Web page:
Search the iTunes, Android, or Windows store on your device for Bible apps for children and you’ll see the answer to this one: Few and far between.
The entire Bible on an app. This is a big category of what’s out there. And most are very ho-hum. Other than the GLO Bible (which is mostly for youth/adults), the Bible apps are piles of text. Not very engaging.
Okay, so it is worth $300 a tablet to be able to put the Glo Bible in front of your kids??? I wish.
There are quite a few Bible stories for Preschoolers and Kindergartners out there now. These have story pages and a few clicky do’s. Most are very limited in scope and age. I will get excited when I see Bible stories on tablets/iPads for older elementary kids, but have yet to see any.
Other types of apps for Sunday School?
There is a cool free drawing program called TOONTASTIC. And there are some very simple Bible story apps which are like clickable flipbooks. A couple of curriculum publishers are now adding “apps” to give their expensive curriculum a marketing edge, but the apps tend to be gamey, not overtly educational.
Where is Sunday Software, with “App” development?
A few people have accused me of putting down tablets and apps because I make software for PCs. The dopes. In fact, I could make software that ran on BOTH your iPad and a PC. I’ve experimented with the app development tools. They are relatively cheaper and quicker to work with than PC development tools. The reason most current Bible apps for children look rudimentary is because most of the “app” development tools are rudimentary, -unless you have a huge development budget, which only happens if the market is there, and according to the Bible app developers I have talked to, the market just isn’t there. Maybe one day.
There are other reasons too…
1. The pad/tablet market is evolving rapidly and so are the development tools. In the past 20 years, NOT A SINGLE Christian software developer has survived making software only to find two years later that it WON’T WORK on the newer devices coming out because the devices no longer support the code. Yet this is what’s happening in the app market. It’s not just the operating systems of the pads that are evolving, the hardware is evolving even more rapidly.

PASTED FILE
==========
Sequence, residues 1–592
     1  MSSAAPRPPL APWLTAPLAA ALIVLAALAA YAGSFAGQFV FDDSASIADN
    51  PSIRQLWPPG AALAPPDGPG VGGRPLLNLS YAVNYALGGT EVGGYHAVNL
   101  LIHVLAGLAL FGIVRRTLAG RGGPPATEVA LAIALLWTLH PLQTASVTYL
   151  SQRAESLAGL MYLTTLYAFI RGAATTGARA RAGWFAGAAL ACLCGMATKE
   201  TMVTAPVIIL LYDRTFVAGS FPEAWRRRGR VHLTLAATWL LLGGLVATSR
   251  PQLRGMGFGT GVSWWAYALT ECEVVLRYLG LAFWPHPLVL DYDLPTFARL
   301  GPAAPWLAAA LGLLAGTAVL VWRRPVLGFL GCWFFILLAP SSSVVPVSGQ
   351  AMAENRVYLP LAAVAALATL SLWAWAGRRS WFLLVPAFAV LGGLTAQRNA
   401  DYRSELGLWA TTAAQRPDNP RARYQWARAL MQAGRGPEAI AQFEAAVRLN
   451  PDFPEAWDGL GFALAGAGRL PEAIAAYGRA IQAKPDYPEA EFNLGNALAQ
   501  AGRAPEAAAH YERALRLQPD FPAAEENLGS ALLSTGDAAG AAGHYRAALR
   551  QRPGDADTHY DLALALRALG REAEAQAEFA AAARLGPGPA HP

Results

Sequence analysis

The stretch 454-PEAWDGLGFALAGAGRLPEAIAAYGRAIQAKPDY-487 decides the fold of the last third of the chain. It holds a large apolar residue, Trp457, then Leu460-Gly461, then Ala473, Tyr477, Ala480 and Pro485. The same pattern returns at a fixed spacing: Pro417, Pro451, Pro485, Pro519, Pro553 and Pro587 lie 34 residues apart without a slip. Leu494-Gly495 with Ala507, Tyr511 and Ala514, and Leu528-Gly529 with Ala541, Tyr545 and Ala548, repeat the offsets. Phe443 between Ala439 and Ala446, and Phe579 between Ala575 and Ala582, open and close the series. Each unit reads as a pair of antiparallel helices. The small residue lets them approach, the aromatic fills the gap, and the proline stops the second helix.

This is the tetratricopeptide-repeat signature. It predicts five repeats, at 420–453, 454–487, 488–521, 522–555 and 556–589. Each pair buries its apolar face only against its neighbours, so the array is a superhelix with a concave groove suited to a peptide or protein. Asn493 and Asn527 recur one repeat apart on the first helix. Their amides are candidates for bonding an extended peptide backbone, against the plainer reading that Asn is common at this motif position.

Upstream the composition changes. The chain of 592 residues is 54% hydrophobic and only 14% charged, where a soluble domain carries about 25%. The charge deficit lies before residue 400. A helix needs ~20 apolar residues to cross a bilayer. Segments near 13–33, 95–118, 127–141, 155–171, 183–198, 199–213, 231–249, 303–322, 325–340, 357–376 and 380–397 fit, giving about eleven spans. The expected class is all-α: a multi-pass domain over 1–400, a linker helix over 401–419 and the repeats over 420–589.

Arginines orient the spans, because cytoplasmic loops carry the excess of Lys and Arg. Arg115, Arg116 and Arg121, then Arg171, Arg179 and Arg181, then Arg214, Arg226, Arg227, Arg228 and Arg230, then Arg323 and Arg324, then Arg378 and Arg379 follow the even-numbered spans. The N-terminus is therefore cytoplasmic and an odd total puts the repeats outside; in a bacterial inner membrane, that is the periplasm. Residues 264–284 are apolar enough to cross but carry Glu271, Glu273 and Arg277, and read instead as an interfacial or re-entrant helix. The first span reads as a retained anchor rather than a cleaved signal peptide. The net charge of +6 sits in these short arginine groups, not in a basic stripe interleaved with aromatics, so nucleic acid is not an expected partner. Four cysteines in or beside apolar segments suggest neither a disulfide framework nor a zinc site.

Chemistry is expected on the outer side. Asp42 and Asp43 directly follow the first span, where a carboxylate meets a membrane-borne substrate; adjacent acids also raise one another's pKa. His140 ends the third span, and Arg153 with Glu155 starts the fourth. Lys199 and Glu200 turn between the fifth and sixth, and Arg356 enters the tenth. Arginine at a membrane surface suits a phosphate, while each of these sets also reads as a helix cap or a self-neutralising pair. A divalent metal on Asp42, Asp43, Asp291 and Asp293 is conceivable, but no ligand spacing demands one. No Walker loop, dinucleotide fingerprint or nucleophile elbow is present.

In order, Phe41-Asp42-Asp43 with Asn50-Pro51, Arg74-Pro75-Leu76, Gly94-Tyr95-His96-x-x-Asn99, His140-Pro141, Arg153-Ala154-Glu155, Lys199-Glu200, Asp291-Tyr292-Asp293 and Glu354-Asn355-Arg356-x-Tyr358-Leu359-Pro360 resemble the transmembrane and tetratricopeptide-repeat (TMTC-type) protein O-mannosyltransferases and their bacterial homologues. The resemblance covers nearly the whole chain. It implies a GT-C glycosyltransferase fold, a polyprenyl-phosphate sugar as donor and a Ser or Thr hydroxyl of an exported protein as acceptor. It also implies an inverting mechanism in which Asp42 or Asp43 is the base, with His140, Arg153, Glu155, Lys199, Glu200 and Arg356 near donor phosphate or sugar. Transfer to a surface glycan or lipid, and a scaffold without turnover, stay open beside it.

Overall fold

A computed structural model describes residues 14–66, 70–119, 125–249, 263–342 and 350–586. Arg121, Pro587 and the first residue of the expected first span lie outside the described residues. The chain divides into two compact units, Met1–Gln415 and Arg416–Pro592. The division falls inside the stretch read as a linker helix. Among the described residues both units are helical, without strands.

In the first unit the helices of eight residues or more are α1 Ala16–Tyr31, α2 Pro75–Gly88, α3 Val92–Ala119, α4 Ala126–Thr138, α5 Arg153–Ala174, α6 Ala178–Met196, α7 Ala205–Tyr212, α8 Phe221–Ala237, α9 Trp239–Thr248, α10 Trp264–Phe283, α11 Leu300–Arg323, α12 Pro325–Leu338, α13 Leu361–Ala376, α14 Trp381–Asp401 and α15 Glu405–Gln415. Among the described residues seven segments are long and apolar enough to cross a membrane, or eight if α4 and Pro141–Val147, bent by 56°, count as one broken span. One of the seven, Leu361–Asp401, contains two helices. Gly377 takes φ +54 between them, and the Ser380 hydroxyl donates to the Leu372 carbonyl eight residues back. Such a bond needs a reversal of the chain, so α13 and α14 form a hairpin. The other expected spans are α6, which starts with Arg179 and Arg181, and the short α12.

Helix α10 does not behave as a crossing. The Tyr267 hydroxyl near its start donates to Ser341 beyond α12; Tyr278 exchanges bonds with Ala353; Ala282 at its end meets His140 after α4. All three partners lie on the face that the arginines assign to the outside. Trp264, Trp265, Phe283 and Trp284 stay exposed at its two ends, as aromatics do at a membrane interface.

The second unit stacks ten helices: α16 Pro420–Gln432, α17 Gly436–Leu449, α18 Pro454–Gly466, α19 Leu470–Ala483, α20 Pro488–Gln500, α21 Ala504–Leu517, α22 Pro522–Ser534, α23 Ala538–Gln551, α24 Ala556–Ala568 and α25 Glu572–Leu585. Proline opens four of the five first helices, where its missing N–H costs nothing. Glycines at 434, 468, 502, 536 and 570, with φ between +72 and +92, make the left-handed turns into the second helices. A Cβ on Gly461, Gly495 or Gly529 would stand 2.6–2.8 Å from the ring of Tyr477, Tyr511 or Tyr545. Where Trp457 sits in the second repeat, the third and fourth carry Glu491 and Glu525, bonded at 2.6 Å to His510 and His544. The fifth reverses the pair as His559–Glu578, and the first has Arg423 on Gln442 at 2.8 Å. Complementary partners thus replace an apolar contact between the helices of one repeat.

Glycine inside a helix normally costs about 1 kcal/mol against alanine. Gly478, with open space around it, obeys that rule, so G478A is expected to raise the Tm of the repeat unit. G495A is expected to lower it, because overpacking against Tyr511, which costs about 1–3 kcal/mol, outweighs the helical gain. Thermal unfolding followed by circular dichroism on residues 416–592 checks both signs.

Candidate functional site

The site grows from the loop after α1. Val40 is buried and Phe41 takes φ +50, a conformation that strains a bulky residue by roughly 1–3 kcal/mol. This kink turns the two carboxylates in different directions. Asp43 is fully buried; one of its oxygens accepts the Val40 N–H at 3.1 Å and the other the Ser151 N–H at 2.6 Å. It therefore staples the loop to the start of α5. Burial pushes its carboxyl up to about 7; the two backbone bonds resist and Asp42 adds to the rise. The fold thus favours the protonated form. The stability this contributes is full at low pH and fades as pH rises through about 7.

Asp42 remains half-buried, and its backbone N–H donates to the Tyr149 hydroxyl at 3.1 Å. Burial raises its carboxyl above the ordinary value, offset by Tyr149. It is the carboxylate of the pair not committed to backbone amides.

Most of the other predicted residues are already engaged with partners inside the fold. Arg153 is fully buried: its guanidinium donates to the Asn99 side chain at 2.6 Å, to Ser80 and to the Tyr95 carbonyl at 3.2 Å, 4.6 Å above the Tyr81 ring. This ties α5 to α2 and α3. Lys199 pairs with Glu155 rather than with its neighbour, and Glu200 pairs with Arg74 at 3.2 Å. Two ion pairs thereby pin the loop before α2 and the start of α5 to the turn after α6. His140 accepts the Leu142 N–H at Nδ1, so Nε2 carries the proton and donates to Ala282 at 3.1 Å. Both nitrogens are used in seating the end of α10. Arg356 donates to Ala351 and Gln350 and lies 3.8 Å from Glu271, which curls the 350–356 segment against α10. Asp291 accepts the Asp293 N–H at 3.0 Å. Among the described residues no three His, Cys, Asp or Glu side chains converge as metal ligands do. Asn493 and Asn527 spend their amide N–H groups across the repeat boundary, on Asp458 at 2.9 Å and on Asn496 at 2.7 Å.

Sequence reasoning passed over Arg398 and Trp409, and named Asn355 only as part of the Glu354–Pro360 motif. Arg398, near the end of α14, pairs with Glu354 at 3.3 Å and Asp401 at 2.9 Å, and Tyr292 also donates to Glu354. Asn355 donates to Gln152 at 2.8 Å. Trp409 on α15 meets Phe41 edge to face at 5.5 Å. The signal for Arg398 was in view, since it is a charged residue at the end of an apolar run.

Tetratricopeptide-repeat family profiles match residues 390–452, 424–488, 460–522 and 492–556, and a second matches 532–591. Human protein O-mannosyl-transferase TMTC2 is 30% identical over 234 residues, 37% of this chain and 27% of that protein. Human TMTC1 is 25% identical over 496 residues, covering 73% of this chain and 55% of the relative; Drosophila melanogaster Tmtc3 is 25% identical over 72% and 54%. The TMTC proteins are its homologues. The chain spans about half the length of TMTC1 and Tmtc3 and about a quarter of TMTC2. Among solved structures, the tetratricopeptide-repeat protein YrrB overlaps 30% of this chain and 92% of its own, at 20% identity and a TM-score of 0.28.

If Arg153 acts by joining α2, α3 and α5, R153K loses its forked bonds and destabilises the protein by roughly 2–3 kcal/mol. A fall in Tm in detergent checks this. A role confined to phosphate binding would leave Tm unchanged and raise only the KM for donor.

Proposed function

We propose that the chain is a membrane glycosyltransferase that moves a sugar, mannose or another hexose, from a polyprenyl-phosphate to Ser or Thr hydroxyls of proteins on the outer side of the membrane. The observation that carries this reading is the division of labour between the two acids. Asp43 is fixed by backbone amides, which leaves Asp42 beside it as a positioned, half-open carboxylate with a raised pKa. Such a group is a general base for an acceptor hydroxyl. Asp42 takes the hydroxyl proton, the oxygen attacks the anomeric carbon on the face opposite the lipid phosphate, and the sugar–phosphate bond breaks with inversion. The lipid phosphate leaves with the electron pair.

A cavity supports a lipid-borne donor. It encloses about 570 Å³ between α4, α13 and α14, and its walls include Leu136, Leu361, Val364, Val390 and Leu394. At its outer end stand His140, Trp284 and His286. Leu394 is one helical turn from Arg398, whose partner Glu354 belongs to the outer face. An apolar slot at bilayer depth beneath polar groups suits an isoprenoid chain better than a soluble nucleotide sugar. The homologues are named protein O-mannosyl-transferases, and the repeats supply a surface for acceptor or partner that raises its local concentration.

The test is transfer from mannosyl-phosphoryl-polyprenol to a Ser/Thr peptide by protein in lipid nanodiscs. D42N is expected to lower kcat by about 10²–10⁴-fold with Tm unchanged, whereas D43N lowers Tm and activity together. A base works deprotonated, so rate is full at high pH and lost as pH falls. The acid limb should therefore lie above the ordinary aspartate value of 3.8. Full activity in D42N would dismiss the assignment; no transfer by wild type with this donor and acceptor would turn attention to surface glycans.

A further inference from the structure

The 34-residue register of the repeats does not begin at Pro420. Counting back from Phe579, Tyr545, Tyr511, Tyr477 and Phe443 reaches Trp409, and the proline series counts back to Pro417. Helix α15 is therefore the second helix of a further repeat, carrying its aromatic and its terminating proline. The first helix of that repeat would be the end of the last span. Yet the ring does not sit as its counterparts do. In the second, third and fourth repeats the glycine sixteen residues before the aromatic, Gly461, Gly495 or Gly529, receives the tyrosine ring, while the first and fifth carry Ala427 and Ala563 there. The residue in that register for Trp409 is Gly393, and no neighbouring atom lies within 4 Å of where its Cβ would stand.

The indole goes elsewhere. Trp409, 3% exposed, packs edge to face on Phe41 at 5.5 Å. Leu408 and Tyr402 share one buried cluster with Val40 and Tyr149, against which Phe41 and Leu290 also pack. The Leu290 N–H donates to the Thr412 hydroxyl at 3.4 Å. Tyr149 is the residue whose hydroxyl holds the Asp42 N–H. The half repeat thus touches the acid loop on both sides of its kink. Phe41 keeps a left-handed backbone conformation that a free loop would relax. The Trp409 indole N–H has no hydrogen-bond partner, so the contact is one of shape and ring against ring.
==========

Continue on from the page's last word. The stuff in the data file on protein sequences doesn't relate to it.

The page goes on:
Making good Christian software requires a commitment to BACKWARDS COMPATIBILITY from the OS and device manufacturers. Apple in particular, thinks backwards compatibility means “two years”. This will mean that for the forseeable future, developing a range of “Bible” apps for Sunday School will be a fools-errand for all but the extremely well-funded ones (which are few and far between). Again, I wish that weren’t true, but I’m not an idiot.
2. Most Sunday Schools cannot afford to dump their PCs and go out and buy brand new iPads and Tablets. This software development issue is called, “installed base”. If we were just making software to play at home, that would be different. Sunday Software is aimed at helping Sunday Schools attract kids.
3. Most of the “app maker” tools right now are extremely basic. That’s why most apps look alike. That’s why most apps are good at doing just a FEW things, not many, and not with extensive content. The more advanced pad-only development tools are rapidly evolving and going defunct, which means any software you make on them now may not work in a year or two. Simple is easy right now, but developing a “Christian Angry Birds” is not our idea of success. We’re trying to do Christian education, not entertainment, and the Xtian software/app market is miniscule by comparison.
4. Where I think the content will really take off is when it’s put on the WEB and operates in the browser rather than an app. But most churches are not wired for wifi, and many simply can’t afford to do it right now. The Big Recession killed that momentum. And the “subscription model” for content is problematic. So we’re waiting.
I regularly look for apps.
I’m regularly approached by people selling or promoting apps.